OAKLAND (CBS SF) — It took a jury only two hours Monday to decide that a 50-year-old former bartender is mentally competent to stand trial on three counts of murder for the brutal hammer attack killings of three women in Oakland more than 25 years ago.

The jury’s verdict means that Michael Monert will have a second trial beginning Nov. 30 on three counts of murder and the special circumstance of committing multiple murders for the deaths of the women in 1989 and 1991.

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Monert’s first trial began on May 17 but at the request of Monert’s attorney, Todd Bequette, Alameda County Superior Court Judge Kevin Murphy declared a mistrial two days later based on Monert’s courtroom conduct, which included talking during opening statements in the case.

Prosecutor Butch Ford said the killings of the three women had gone unsolved for more than 20 years, but in 2012 Monert was arrested and charged with the murder of Pamela Sanders on July 29, 1991, after his fingerprints, which were on file for a separate sexual assault case in Oregon, were matched to those found on a tarp that was covering her body.

After undergoing a preliminary hearing and being ordered to stand trial for Sanders’ death, Monert sent a note to bailiffs at Santa Rita Jail in Dublin in December 2013 saying that he wanted to make a full confession, Ford said.

Monert then provided Oakland police Officer Herb Sanders, who was investigating the case, with details about Sanders’ death and also said he had killed 29-year-old Debra Lynn Adkins at the entrance to Roberts Regional Recreation Area on Skyline Boulevard on Oct. 1, 1989, and 37-year-old Janie Flahiff on May 20, 1991, according to Ford.

Monert was charged with the additional murders in January 2014 but then a long legal odyssey began.

Criminal proceedings against Monert were suspended later in 2014 for him to be mentally evaluated but in 2015 he was found to be mentally competent to stand trial.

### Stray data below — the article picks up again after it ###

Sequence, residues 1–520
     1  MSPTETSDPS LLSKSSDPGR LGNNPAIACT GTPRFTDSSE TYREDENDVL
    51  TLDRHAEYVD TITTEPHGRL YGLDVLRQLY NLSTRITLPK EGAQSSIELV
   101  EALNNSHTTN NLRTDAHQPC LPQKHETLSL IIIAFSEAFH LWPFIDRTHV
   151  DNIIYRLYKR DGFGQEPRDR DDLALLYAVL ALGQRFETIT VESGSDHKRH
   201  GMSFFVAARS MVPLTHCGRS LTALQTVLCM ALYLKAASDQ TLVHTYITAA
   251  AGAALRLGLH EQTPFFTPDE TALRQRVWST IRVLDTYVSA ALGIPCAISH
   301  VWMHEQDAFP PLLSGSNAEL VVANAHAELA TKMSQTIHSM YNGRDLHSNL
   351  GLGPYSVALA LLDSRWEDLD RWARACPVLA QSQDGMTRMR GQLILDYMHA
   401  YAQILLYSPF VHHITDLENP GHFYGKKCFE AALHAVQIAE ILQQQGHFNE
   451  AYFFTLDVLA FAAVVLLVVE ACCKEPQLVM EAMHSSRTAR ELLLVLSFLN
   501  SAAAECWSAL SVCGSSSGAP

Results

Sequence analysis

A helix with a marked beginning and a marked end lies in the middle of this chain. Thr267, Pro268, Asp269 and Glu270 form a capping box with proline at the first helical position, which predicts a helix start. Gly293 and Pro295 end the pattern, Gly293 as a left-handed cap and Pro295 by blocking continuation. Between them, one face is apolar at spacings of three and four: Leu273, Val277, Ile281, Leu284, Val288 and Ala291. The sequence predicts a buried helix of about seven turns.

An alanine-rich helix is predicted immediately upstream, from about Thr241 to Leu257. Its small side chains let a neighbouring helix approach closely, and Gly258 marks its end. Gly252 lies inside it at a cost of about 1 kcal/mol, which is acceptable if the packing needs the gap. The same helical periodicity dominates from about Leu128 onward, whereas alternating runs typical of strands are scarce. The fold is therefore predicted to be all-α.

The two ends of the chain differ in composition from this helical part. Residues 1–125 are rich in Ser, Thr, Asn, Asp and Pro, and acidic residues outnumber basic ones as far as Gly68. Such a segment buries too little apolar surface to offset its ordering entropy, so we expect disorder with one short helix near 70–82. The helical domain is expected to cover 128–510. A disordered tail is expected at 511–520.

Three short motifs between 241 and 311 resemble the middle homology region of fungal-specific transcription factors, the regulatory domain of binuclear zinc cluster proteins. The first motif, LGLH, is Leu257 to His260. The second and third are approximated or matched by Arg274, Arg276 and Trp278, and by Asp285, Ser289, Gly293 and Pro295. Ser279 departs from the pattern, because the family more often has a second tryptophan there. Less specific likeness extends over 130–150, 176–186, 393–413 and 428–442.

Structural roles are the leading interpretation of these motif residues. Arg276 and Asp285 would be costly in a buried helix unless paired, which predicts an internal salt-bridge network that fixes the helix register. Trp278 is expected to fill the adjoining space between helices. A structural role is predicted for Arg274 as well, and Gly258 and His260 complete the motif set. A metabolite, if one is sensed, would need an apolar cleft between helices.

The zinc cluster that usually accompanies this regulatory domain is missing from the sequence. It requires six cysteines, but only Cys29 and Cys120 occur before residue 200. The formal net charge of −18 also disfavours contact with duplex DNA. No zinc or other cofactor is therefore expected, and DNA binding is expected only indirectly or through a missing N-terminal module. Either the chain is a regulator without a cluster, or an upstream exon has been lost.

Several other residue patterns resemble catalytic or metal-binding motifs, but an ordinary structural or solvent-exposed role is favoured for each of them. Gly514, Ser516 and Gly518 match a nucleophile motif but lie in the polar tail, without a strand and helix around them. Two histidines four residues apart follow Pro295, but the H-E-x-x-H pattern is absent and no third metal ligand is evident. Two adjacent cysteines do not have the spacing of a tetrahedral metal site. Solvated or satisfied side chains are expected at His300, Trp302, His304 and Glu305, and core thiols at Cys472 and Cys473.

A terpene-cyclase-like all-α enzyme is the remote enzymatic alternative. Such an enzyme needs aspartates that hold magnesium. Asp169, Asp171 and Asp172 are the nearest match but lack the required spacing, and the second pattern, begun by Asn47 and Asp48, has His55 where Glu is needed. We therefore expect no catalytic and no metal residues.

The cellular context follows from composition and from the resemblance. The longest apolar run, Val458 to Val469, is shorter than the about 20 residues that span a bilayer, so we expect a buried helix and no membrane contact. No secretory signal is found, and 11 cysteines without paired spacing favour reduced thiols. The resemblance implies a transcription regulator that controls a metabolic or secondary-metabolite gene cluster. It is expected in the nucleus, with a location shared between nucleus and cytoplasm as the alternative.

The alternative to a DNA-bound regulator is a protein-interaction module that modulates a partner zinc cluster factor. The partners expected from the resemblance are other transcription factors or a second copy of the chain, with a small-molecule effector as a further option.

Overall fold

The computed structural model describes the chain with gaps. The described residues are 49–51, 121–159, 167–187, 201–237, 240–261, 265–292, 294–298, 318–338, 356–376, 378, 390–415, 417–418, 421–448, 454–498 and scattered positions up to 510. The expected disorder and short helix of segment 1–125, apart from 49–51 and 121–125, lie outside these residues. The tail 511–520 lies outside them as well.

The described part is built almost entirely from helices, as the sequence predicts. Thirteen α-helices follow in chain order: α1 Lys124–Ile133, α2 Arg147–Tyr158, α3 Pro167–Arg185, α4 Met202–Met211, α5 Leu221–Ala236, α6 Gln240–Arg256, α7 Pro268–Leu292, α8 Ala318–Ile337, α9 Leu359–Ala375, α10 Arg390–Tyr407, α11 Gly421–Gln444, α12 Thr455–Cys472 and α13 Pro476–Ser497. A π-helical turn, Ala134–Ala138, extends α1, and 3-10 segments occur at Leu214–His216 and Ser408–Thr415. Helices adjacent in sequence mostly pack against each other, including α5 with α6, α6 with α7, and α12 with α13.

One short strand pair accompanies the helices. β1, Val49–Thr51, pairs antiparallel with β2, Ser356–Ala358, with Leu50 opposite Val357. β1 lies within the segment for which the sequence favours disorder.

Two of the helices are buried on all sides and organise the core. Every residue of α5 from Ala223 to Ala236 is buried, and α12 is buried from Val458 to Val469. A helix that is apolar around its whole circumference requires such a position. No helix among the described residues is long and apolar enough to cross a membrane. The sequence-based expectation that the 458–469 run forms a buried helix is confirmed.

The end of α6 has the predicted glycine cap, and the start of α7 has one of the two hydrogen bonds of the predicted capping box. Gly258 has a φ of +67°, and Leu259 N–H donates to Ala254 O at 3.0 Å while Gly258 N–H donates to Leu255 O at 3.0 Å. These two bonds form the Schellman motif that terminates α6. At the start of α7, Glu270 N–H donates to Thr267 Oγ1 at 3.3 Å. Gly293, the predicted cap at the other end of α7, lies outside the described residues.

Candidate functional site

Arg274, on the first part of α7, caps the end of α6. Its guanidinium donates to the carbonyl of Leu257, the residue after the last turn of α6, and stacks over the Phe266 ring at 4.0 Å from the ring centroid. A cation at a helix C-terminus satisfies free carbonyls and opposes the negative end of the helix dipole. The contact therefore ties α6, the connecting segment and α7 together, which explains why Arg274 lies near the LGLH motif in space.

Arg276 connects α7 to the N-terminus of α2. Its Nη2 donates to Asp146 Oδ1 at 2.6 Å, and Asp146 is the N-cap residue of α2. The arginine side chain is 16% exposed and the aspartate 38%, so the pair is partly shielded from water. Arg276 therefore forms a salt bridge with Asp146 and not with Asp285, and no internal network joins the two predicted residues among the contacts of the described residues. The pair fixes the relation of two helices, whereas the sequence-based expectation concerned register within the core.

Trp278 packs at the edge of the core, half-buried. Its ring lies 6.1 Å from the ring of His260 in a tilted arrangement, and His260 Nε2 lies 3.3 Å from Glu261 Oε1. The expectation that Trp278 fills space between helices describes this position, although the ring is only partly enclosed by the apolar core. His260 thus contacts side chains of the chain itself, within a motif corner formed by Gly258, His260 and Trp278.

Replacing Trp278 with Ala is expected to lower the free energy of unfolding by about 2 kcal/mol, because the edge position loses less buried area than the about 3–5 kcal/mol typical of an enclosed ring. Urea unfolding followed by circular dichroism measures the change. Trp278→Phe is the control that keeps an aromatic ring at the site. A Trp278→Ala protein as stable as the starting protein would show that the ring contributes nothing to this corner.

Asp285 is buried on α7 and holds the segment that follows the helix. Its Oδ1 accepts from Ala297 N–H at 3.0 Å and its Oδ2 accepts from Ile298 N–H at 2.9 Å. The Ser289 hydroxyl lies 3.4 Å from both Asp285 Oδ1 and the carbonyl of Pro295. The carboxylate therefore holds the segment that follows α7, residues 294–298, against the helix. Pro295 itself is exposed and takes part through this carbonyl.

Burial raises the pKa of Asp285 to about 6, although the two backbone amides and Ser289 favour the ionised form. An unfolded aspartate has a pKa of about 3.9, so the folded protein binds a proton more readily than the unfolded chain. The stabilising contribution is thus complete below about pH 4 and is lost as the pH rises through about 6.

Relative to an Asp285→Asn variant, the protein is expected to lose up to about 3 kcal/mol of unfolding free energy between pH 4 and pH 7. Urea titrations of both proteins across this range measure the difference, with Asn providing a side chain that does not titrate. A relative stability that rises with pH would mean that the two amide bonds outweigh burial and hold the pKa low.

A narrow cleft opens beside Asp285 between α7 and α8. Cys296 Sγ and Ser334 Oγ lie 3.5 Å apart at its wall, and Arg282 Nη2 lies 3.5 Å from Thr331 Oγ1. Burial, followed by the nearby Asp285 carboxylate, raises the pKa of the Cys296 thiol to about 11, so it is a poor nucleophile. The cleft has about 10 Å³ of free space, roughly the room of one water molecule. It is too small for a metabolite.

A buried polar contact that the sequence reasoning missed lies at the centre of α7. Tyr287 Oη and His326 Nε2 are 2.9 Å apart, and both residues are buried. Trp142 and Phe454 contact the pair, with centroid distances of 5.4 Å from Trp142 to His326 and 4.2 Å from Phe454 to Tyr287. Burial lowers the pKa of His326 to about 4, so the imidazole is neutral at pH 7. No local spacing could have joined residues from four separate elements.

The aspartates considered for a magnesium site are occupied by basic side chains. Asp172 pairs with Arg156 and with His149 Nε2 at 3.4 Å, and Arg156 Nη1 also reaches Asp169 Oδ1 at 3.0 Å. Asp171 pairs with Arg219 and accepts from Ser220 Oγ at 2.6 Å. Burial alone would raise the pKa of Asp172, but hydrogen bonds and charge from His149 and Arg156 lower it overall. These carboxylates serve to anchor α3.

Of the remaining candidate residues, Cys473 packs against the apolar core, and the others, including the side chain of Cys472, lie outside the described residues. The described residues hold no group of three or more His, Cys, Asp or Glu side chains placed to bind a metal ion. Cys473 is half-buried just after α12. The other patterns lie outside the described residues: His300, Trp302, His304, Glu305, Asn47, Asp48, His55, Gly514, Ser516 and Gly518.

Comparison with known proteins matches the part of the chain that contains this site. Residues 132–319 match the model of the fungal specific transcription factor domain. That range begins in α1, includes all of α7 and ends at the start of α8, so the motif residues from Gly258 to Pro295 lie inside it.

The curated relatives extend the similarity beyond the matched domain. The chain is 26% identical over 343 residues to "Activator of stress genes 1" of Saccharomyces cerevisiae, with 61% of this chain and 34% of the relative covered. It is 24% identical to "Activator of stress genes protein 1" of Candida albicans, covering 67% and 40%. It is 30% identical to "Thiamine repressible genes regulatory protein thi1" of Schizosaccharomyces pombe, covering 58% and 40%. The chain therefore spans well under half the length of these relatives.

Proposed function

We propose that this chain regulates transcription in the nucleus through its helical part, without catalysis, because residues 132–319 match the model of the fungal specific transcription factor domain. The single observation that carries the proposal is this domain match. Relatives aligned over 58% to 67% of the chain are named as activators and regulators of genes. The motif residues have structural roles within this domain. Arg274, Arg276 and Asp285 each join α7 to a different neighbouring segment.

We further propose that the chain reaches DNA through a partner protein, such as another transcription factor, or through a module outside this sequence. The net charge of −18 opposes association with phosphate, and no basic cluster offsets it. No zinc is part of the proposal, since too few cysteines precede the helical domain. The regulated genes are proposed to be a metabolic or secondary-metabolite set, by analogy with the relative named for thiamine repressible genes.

After Murphy declared a mistrial in May, he ordered another psychiatrist to examine Monert even though he’d already been examined by a number of other psychiatrists over the years.

His competency trial, which began last week, featured testimony by several psychologists.

In his closing argument in the competency trial earlier Monday, Ford told jurors that they should find Monert to be competent because that is what five of the seven psychiatrists who’ve examined him have said.

Ford admitted that Monert often acts up in court, as Monert did Monday when he disrupted the argument by his own attorney Todd Bequette.

Alameda County Superior Court Judge Kevin Murphy ejected him from the courtroom.
But Ford told jurors, “Focus on what he (Monert) is saying, which is rational.”

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However, Bequette said Monert should be found incompetent because he’s not able to assist him in presenting the defense’s case.

“He’s demanding that I pursue an irrational defense,” Bequette said.

The defense attorney said one of the key issues in the case is that Monert suffered a traumatic brain injury when he was physically assaulted in 2002. He said that triggered a delusional disorder that falsely convinced Monert that he had killed the three women who are listed as the
victims in the case.

Bequette said Monert’s explanation for the reason he confessed “is not rational” because Monert claims he was given a drug that made him confess and he was tortured in his jail cell by the jail’s intercom.

In his opening statement in Monert’s trial in May, Ford said Monert was “a serial killer” who lured women he believed were prostitutes, killed them by hitting them in the head with a hammer and then dumped their bodies in secluded parts of Oakland.

Ford said that when Monert made his confession, he revealed information only the killer would know.

But Bequette said, “The criminal justice system is prosecuting an innocent man,” saying he believes Monert’s delusional disorder is the reason he confessed.

After the jury ruled that Monert is competent to stand trial, Bequette asked Murphy to reverse the verdict based on his opinion that there was no factual basis for it or it was contrary to the law. Murphy will rule on that motion.

In another development after the verdict, Monert asked that he be allowed to represent himself and Murphy said he will hold a hearing on that issue on Thursday.

Shortly before that, four armed bailiffs temporarily removed Monert from the courtroom when he ignored an order by one of the bailiffs that he stop talking to Murphy’s court reporter while Murphy was in his chambers researching a legal issue in the case.

Monert tried to push a heavy wooden chair at the deputies during the encounter and shouted, “I’m trying to have a conversation here!” and, “I’ve never been so insulted in my life!”

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